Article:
Sunday, December 11, 2011

NPR Puzzle 12/11/11 - Animal Crackers

Here's this week's NPR Puzzle:
Think of an animal whose name contains an O. Change the O to an H, and rearrange the result to name another animal. What animals are these?
I wish I could tell you how I solved this, but it's all potentially hint-ful. I can't even say much about the puzzle itself, other than that we (Ross, Henry and I) all liked it.

If you solved it and liked it--and even if you solved it but didn't like it--send your answer in to NPR via this link right here.

Here are some photos of places Wiki says one or the other of these animals lives.






Time for ...

This is where we ask you how many entries you think NPR will get for the challenge above.  If you want to win, leave a comment with your guess for the range of entries NPR will receive.  First come first served, so read existing comments before you guess.  Ross and I guess last, just before we publish the Thursday post.  After the Thursday post is up, the entries are closed.  The winner gets a puzzle book of our unspecified choosing.

Just over 1700 entries. No one won. Remember, we're looking for the total number of entries. So pick a range in the comments to see if you'll win a prize!

But Henry has explained something that's had me scratching my head for quite some time. He says that if the Unpaid & Underappreciated Intern is at all technologically-inclined, he (or she) can search the bodies of all the week's entries for the correct word/s. So, last week, she (or he) could have searched for "baroque" and "barbque"/"bar-b-que." This would generate the number of correct entries rather than just the total number of entries. Of course, we'll never know unless the U&UI comes forward and lets us interview him/her.

Here are the ranges:
Fewer than 50       
51 - 100
101 - 150
151 - 200
201 - 250
251 - 300
301 - 350
351 - 400
401 - 450
451 - 500

501 - 550
551 - 600
601 - 650
651 - 700
701 - 750
751 - 800
801 - 850
851 - 900
901 - 950
951 - 1,000
1,001 - 1,050         
1,051 - 1,100
1,101 - 1,150
1,151 - 1,200
1,201 - 1,250
1,251 - 1,300
1,301 - 1,350
1,351 - 1,400
1,401 - 1,450
1,451 - 1,500

1,501 - 1,550
1,551 - 1,600
1,601 - 1,650
1,651 - 1,700
1,701 - 1,750
1,751 - 1,800
1,801 - 1,850
1,851 - 1,900
1,901 - 1,950
1,951 - 2,000
2,001 - 2,050
2,051 - 2,100
2,101 - 2,150
2,151 - 2,200
2,201 - 2,250
2,251 - 2,300
2,301 - 2,350
2,351 - 2,400
2,401 - 2,450
2,451 - 2,500

2,501 - 2,750
2,751 - 3,000
3,001 - 3,250
3,251 - 3,500
3,501 - 4,000
4,001 - 4,500
4,501 - 5,000

More than 5,000
More than 5,000 and it sets a new record.
Our tie-break rule:   In the event that a single round number is announced, AND two separate people picked the ranges leading up to and leading up from that round number, the prize will be awarded to whichever entrant had not already won a prize, or in the event that both entrants had won a prize already or neither had, then to the earlier of the two entries on the famous judicial principle of "First Come First Serve," (or in technical legal jargon, "You Snooze, You Lose").  And yes, this rule is most-likely obsolete but I just like having fine print.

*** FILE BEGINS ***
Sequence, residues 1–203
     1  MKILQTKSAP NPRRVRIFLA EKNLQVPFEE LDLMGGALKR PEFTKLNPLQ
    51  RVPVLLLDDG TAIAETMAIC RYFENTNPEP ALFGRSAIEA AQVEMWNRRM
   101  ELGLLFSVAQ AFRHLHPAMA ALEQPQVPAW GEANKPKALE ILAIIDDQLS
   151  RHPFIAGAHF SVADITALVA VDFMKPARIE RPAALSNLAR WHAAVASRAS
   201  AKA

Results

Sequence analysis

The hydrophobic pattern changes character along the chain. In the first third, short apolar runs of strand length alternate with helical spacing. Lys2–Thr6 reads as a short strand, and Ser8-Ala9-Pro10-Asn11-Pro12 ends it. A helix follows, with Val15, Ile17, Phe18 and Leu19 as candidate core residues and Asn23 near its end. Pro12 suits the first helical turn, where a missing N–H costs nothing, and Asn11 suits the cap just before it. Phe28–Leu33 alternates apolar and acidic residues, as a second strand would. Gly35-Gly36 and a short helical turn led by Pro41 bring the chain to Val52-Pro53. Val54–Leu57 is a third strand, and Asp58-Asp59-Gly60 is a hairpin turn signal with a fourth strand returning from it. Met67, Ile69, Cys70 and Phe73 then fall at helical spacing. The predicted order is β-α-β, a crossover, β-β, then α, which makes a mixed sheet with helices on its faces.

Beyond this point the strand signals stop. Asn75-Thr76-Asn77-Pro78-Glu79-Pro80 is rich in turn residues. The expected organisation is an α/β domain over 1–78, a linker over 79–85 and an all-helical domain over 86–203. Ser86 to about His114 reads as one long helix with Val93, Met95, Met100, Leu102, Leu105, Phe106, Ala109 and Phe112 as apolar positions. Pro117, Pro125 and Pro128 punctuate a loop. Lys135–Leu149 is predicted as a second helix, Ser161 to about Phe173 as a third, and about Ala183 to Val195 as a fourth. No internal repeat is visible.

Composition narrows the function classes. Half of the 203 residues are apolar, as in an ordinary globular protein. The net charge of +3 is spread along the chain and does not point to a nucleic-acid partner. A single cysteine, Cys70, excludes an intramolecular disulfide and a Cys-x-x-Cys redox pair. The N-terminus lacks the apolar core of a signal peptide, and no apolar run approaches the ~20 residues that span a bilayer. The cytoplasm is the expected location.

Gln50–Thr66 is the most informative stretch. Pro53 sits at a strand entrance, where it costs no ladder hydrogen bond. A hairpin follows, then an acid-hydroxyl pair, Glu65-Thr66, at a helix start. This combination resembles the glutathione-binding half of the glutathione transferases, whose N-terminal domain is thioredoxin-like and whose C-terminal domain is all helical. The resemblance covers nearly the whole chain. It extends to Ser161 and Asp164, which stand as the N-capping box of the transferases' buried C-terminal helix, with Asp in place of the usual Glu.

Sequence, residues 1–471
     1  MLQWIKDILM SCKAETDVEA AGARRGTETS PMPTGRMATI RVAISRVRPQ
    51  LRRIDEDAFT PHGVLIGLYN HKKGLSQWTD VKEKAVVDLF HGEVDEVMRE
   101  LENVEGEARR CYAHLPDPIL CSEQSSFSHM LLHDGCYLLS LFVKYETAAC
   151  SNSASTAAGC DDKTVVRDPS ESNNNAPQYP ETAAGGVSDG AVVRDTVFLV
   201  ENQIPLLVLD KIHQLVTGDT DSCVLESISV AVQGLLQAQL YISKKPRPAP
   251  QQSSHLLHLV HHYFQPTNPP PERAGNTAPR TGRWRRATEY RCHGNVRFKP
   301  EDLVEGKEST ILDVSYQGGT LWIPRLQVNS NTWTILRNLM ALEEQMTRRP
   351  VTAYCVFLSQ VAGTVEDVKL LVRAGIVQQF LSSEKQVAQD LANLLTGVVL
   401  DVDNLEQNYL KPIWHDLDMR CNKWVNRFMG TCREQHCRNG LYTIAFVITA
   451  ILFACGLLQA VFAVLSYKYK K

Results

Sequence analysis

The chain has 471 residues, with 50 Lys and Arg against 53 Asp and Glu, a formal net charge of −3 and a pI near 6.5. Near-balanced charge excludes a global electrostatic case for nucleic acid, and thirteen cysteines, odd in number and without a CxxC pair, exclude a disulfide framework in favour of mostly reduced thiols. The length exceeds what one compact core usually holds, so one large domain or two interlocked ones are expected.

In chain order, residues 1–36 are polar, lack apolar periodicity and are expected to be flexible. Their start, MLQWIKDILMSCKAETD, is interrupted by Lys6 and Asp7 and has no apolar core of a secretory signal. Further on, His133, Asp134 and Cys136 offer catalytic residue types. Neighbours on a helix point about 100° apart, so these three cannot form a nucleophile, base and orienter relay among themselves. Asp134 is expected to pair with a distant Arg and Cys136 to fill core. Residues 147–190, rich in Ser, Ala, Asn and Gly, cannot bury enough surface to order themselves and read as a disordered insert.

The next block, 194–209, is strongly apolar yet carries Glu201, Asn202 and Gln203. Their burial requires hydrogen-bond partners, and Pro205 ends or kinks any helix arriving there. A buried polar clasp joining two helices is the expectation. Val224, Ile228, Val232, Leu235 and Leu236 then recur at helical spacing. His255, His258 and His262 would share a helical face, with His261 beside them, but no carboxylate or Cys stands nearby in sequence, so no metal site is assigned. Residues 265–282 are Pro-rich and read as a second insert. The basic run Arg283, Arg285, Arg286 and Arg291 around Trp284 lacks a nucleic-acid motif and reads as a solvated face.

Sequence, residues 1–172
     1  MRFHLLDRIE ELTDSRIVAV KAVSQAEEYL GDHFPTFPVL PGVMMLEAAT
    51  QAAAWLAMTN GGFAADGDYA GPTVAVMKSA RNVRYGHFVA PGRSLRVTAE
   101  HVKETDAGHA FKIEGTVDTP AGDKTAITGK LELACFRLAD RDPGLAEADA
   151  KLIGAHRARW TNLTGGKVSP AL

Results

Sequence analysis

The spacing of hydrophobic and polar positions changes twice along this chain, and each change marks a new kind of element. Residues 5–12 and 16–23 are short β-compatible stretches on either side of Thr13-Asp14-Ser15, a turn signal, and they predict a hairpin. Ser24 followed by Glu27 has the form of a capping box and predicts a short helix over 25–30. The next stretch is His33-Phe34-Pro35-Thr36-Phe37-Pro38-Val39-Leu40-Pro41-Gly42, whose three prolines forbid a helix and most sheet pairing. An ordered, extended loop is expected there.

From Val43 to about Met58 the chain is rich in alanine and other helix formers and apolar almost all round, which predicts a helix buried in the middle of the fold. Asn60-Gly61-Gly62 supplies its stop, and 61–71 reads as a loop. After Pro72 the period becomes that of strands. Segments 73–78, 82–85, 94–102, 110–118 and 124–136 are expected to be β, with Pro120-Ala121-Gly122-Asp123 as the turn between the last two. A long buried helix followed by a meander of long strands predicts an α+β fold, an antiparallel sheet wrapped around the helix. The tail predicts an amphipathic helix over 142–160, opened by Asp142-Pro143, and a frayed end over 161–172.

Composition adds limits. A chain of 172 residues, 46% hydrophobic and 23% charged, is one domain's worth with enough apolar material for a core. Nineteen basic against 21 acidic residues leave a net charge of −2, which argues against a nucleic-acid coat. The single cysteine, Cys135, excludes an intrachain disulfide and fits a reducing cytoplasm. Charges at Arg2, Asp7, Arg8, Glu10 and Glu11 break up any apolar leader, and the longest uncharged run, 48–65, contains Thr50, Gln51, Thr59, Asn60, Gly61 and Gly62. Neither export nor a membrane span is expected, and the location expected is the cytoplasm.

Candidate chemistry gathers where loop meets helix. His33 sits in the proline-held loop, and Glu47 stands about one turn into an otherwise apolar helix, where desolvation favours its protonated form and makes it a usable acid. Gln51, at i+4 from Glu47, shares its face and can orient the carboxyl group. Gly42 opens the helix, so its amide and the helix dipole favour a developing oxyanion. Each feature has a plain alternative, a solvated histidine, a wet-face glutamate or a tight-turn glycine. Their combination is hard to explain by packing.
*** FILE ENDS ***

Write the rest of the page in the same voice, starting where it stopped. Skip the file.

12 comments:

DAPF said...

The letters of the first animal can be rearranged to spell two adjectives that apply to some animals but typically not to this one.

DaveJ said...

The second animal also works as a "knock-knock" joke where the answer is a famous singer....

skydiveboy said...

Don't let this puzzle bug you too much. It reminds me of a railway.

I forgot what I was going to pick for this week. Oh yeah. I will go with 1400.

David said...

As frequently happens for me, I thought of the second answer (the "H" animal) before the first answer (the "O" animal).

I'll go for my standard 1001 to 1050.

Anonymous said...

Hmmm...got an answer that works but not sure if it's the one they're looking for...
Oh well. Guess I submit it anyway and wait to hear Mr. Shortz's mellifluous voice.

skydiveboy said...

God can remove any obstacles you may be experiencing in the solving of this puzzle.

Mendo Jim said...

Boy, that Coot has some feet on it; the Edward Scissorhands of the bird world. And Good Lord, there is a house on that cliff!

This is a nice anagram challenge, but sort of familiar somehow.

Actually, Audie reported "more than 1700 of you figured out the answer." This is different than just over 1700 entries.
And I have to say that both Skydiveboy and I guessed more than 1700.

I am afraid that the Range challenge is always going to be a little squishy.
It is never quite clear if we are gloing to get total entries or correct entries.
And there certainly is no match between our tranches and theirs. I think 1799 is likely to be reported as 1800 or "over 1700," not "over 1750."

Anyway, I'll take over 1750.

I think I will quit visiting Blaine's until after I have solved the puzzle or have admitted defeat. Many hints and clues there slip into giveaways.

Magdalen's photos made the point that "Baroque" is far more than a music style.

Marie said...

My answer seems to be different than most, but it works, so I went with it. 1051-1100 please.

Joe Kupe said...

I am having some trouble this week but not giving up yet! I will say 351 to 400.

Dave said...

I'll take the 1101 to 1150 range.

Curtis said...

One might find part of the answer between Gilbert Bay and Farmington Bay. I'll guess 1601 - 1650 this week.

skydiveboy said...

Railways have trunk lines and Ganesh, aka Ganesha, is a Hindu God with the head of an elephant and is known for removing obstacles.